Oftentimes, women tend to eat the same foods on a regular basis without realising that the different ratios of oestrogen, progesterone, and testosterone throughout the month require different nutritional and detoxification needs and help manage any unpleasant symptoms that you experience. Cycle-eating-2-600x450

Foods for Menstrual Phase 

Your menstrual phase is a time to rest and replenish. Your body is undergoing a controlled inflammatory response to shed your uterine lining, so nourishing yourself with nutrient-dense, anti-inflammatory foods will help support you at this time. 

Due to blood loss, iron-containing foods are the most important. Include animal and non-animal sources of iron. If you are cramping, avoid animal protein until the cramping subsides. 

See the list above for some suggestions

Avoid:  Processed and sugary foods, alcohol and caffeine

Foods for the Follicular Phase 

A lot of women feel best during their follicular phase when the body’s energy levels are starting to rise again.  Incorporate plenty of nutrient-dense foods to provide nutrients to a maturing follicle. 

Include: Hydrating fruits and vegetables, foods high in Vitamin E, Liver supportive foods, and foods that build energy

See the list above for some examples.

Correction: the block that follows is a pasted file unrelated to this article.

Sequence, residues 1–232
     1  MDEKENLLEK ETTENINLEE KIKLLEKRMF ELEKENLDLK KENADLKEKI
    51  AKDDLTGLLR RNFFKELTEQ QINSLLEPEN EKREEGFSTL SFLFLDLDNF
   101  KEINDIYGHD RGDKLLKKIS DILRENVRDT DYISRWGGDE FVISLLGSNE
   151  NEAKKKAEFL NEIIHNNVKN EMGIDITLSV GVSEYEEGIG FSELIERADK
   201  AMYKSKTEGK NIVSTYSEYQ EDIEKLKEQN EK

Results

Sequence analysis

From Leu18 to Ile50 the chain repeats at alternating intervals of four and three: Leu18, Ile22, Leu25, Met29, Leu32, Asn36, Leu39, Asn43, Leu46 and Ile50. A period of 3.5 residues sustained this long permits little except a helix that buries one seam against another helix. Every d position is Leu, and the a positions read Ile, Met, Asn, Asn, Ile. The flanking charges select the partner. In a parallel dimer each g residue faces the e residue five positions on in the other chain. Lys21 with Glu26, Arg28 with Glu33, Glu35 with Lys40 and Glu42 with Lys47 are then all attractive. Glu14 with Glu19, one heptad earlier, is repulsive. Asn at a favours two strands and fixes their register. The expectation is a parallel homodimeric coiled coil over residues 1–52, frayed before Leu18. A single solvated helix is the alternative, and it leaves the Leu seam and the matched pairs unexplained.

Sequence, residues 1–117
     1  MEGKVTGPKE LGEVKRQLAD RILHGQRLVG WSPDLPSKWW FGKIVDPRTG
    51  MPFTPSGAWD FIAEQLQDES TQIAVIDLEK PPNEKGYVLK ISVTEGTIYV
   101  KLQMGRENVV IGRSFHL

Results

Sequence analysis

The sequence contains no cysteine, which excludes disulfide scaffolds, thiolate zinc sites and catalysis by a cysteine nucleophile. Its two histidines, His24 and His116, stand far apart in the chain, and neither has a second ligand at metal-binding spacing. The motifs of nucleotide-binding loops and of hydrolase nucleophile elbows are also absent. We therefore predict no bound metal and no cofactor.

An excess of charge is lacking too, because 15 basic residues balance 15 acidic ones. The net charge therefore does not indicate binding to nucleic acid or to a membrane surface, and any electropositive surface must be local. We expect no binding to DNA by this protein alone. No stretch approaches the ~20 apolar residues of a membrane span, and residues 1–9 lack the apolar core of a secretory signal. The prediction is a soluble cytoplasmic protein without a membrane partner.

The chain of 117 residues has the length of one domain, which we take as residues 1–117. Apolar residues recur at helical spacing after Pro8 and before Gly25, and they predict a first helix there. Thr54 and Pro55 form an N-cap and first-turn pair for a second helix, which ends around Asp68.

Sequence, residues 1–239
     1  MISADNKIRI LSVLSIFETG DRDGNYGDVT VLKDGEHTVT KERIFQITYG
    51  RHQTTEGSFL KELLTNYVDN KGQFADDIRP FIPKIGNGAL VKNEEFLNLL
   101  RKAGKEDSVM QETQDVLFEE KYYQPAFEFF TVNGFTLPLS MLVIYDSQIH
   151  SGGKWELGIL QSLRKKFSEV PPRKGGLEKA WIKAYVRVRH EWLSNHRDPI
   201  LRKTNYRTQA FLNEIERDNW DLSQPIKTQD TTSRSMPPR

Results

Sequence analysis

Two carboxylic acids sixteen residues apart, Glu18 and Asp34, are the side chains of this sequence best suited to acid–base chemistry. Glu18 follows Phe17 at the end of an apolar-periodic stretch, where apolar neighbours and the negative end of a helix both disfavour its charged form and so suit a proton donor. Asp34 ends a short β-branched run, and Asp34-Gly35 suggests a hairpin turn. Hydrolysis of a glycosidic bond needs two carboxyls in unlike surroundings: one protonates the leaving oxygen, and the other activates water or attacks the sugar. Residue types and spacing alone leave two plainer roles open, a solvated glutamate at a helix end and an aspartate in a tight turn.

Foods for the Ovulatory Phase

During your ovulatory and luteal phases, you want to start supporting your detoxification pathways to make it easy to metabolise and eliminate the used sex hormones from your follicular phase. 

Include: Liver-loving foods like cruciferous vegetables, antioxidants like berries, and foods with natural probiotics such as sauerkraut and kimchi to help with any digestive issues during the luteal phase. 


Omega 3’s to help with cervical fluid production

Hydrating fruits and veggies 

Foods high in Vitamin E

Foods high in antioxidants

Foods for the Luteal Phase 

This is the phase where you may or may not be pregnant. I always suggest to my clients that they eat and act like they are pregnant. Keep nourishing your body with wholesome food in preparation for a successful pregnancy.

If you suffer from cramps, headaches, and sleeping difficulties during the luteal phase of your menstrual cycle, eat magnesium-rich foods while continuing to support your detox pathways. 

Include: Liver-loving foods like cruciferous vegetables, antioxidants like berries, and foods with natural probiotics such as sauerkraut and kimchi to help with any digestive issues during this phase. 

Omega 3’s for anti-inflammation plus to help synthesise hormones. 

Complex carbohydrates and fibre to help the detoxification of the liver and oestrogen. 

See the list above for examples. bowl-600x401

Take Away Message  

Eating for your cycle can be a nourishing way to support your hormonal health at every phase of your menstrual cycle. It is well known to boost your fertile health and help with the nourishment of your baby’s first 9 weeks in-utero before the placenta is fully formed. 

Focus on nutrient-dense foods that can help you move through each phase with ease.

Want more personalised help or my free comprehensive food group guide?